Besides Peretz the teacher's rascals and the blond watch maker's clowns there were many other centres of critics, philosophy and revolution. At Boyarsky's pharmancy, at Braverman's sausage factory, at Israel's Hirshke's used clothes shop they critiqued…even the Kalman the wagon driver on the new street offered opinions
It is already a few days that the trains from Vilna and Minsk have not arrived. No newspapers. Slowly life town was expiring. The shops were closed. People were afraid to show themselves in the streets. It was cold. A bunch of policemen stood in the market and on Minsk and Vilna streets. Nighttime was dead silent; from time to time you can hear the hoofs of the Cossacks' horses. This is how the days passed. It's raining and it's wet and cold. But we wait to see what will happen. Why are the police so enraged? This is how almost eight days passed
It was evening and I stood by the well with a bucket of water. I heard a whistle from the train station. The locomotive was approaching. The town awakens as if from sleep. It making livelier and livelier. A few hours later we heard a Hooray from Krever Street. There was a commotion. We heard a bang, shots. People were running in the darkness on to New Street, without hats, with one boot on, in the mud; they were coming over the fences and the gardens; it was dark, people were getting injured; people were running aimlessly. There was a demonstration on Krever Street. Cossacks attacked…it was, in short, revolution…we kids were in seventh heaven. But father was not happy with all the commotion and insisted that we stay home and not wander around. I didn't sleep all night
I barely survived until morning. It was lively in the streets. Kalman's Alter with his big belly was on the street freeing the children . A functionary appeared. He was greeted with an Hooray. He took off his hat with a cockade…
A little later, around 23 in the afternoon, everyone was outside. The market and Vilna Street were packed…People were coming from all the side streets. It was a cold autumn day. A moment passed…people wereexcited. They were shaking hands, hugging, kissing, many were crying from joy…the Cossacks behind the church stood snuggled close together like lost sheep…there were no police around. A few workers were riding around on horses. People held hands and made a chain from Note Margolis' and further. Here they come…a large portrait of Karl Marx swayed in the air; on all sides red flags were waving in the sky. There was drumming. The Marseillaise resounded…people sang. A worker (Gershon the tanner) appeared on a horse with a bloodied shirt on a stick held high. This was the past work of the police…the crowd falls silent for a moment…many remove their hats…and they sang You Fell As a Sacrifice.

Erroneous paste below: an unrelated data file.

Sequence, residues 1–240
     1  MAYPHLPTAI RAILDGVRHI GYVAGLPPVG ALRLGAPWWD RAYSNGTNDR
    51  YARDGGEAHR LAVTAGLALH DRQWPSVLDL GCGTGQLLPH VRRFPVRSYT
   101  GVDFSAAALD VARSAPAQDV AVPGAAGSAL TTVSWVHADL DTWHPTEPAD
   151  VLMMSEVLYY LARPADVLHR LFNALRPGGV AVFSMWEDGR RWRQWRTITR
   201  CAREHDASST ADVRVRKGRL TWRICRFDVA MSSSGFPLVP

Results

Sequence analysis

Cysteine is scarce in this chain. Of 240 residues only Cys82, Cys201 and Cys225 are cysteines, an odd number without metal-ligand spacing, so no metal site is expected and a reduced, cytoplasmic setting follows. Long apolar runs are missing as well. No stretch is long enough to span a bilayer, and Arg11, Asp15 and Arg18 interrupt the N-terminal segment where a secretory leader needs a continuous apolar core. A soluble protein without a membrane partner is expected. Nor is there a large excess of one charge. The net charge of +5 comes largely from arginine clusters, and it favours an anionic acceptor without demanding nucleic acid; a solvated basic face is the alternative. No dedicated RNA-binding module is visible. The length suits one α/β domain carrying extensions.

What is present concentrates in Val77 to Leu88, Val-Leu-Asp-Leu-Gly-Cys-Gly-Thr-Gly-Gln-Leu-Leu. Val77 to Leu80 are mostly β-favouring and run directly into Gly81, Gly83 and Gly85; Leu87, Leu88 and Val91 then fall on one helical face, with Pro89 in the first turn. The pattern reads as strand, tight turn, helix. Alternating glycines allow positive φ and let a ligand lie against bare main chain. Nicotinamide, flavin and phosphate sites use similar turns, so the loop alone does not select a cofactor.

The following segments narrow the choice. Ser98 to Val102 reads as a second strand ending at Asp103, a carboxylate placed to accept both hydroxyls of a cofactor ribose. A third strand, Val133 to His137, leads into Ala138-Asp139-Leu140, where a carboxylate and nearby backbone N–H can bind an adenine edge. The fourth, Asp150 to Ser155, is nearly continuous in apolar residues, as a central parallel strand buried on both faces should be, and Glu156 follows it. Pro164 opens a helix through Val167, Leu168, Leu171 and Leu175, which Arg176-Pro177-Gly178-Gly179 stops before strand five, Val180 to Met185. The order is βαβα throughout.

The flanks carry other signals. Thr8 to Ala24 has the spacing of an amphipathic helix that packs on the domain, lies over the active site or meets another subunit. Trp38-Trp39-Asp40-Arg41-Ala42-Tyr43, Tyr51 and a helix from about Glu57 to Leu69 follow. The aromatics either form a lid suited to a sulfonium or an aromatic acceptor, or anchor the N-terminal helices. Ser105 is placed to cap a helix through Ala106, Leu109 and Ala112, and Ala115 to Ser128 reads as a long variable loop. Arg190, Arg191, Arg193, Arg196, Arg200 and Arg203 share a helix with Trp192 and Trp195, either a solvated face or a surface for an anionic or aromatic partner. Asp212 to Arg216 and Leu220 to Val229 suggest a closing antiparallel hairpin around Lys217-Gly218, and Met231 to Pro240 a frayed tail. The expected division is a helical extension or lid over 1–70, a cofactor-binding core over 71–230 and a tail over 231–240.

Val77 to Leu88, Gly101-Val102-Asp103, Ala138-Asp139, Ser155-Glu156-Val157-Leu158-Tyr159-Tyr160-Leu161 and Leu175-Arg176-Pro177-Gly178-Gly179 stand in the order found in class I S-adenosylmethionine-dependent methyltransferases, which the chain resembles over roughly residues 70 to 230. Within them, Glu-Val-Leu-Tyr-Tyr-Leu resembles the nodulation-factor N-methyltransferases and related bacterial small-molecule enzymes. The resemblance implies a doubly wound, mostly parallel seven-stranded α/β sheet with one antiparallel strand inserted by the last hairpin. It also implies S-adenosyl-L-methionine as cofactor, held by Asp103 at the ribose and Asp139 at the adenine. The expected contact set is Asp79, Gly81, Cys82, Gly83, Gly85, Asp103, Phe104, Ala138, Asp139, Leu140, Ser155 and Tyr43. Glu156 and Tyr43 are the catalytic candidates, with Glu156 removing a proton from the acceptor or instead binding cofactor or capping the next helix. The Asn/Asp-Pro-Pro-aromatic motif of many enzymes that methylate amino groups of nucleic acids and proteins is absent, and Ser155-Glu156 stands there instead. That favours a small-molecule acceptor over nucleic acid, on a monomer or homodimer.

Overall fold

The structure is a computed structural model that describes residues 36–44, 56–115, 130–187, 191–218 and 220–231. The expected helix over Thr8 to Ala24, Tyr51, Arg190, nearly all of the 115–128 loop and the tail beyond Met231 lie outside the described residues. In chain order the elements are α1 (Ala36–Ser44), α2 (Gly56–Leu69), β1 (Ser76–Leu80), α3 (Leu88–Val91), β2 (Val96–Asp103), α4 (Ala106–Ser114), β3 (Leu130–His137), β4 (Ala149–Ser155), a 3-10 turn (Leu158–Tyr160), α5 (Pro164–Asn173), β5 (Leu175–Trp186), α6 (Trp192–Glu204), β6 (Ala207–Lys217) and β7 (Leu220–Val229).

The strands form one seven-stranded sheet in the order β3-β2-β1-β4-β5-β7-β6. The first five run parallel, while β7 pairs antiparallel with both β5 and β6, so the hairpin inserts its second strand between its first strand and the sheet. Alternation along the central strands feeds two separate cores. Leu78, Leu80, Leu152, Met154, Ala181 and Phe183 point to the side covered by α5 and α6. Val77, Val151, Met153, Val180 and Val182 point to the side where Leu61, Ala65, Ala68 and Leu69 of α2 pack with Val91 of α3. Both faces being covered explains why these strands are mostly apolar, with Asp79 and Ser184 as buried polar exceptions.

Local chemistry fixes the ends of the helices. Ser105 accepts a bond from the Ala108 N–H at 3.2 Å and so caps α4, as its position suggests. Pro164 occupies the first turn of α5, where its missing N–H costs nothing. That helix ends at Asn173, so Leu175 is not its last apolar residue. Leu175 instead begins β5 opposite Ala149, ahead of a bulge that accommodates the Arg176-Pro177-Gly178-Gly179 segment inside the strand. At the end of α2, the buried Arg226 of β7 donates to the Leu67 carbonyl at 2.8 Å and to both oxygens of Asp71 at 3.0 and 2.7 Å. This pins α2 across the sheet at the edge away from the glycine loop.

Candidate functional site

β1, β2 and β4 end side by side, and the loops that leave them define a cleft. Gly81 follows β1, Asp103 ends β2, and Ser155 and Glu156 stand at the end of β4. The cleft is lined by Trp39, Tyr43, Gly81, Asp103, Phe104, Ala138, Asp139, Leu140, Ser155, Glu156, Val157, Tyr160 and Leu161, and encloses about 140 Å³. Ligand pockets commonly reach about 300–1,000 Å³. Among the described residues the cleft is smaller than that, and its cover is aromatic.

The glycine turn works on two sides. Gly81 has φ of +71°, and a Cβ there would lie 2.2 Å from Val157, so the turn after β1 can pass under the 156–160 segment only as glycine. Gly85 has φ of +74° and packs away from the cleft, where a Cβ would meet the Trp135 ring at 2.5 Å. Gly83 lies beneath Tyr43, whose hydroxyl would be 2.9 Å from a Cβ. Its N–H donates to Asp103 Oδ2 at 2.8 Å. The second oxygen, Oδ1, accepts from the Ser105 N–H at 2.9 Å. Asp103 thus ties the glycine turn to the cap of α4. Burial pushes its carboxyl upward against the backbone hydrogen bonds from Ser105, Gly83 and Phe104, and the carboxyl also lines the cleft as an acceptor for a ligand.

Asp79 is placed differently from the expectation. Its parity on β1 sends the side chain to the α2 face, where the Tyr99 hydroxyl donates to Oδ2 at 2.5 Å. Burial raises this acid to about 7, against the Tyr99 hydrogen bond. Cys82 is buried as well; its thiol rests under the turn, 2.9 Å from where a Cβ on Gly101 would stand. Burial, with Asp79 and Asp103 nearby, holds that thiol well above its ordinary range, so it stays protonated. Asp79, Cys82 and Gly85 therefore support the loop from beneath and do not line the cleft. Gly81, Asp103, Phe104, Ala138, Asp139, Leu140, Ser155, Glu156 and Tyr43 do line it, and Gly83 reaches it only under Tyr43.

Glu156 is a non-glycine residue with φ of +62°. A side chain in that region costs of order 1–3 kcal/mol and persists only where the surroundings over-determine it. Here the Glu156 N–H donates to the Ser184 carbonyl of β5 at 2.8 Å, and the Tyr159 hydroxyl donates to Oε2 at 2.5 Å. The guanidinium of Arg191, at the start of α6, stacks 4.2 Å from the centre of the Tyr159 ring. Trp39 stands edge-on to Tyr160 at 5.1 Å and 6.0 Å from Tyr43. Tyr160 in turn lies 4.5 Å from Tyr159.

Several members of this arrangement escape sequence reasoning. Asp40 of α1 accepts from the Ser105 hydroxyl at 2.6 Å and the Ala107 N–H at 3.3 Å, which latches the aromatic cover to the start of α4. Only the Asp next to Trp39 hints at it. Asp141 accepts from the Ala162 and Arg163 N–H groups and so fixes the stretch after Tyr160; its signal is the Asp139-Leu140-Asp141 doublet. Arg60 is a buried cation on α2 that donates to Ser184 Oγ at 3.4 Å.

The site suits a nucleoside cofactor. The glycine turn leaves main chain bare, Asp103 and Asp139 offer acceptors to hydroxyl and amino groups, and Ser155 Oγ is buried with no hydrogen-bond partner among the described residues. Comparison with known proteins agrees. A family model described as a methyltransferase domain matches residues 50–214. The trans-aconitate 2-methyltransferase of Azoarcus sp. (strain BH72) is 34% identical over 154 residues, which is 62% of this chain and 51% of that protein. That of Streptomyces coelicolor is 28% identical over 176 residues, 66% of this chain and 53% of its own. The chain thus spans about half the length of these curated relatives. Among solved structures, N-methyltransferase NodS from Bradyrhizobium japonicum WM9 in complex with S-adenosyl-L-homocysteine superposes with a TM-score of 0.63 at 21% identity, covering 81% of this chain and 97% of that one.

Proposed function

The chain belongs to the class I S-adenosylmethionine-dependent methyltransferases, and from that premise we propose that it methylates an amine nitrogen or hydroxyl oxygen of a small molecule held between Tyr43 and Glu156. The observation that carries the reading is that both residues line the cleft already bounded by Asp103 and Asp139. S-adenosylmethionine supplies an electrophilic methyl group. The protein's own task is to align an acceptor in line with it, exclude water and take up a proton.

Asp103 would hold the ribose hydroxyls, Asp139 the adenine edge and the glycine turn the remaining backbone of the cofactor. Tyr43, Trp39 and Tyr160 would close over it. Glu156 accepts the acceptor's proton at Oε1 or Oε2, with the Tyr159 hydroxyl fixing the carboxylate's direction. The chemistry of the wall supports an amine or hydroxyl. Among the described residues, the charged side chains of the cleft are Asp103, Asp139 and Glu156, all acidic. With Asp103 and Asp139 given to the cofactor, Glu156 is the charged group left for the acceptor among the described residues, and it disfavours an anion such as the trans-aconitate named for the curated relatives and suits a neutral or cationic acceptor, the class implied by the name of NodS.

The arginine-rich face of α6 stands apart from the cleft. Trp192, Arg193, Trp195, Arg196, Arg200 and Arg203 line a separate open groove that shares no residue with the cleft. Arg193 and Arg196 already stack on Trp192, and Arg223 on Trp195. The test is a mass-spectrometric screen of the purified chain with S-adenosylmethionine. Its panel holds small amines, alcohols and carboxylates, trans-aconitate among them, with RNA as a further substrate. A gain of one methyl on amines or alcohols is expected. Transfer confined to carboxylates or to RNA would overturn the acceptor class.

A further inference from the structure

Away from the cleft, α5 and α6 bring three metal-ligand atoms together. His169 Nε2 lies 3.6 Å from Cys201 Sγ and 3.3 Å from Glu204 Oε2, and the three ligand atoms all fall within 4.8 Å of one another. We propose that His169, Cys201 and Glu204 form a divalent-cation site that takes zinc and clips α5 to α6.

The cold, grey autumn day disappeared. There was joy in everyone's heart. It is the first omen of a new life. It was the first day of spring
How can one forget such a day?
by Nechama's Isaac
Translated by Janie Respitz
I'm turning the pages of a diary. The old yellowed pages in a torn notebook written with childlike naivety awaken in me past scenes
The old home of Smorgon swims before my eyes. I can see the panorama of winding streets unfold. Long narrow alleys, the marketplace courtyards and houses. The whole neighbourhood comes alive in my memory; Litchnik, Ashmen Way ,Pereves, the Vilija river, the Stop, and Sinitsky Way between two rows of trees. The pictures flash quickly. I see the old sharp life of the last days of Smorgon, the days when the town suffered in agony before its death that the war brought about
The summer of 1915 was catastrophic for the Russian army. Under the influence of a powerful German attack, the Russian army was about to lose.One town after the other fell to the enemy. The fortresses of Kovno and Brest Litovsk fell. Grodno had already fallen and the Germans were standing at the gates of Vilna. Nothing could stop the march of the Germans.
Smorgon, from the beginning of the war was just a few miles from the front, suddenly became even closer. Fear of the coming events was strongly felt. There was a wince and the helpless just had to wait. The wealthier began to prepare to evacuate. The poor lived with blind hope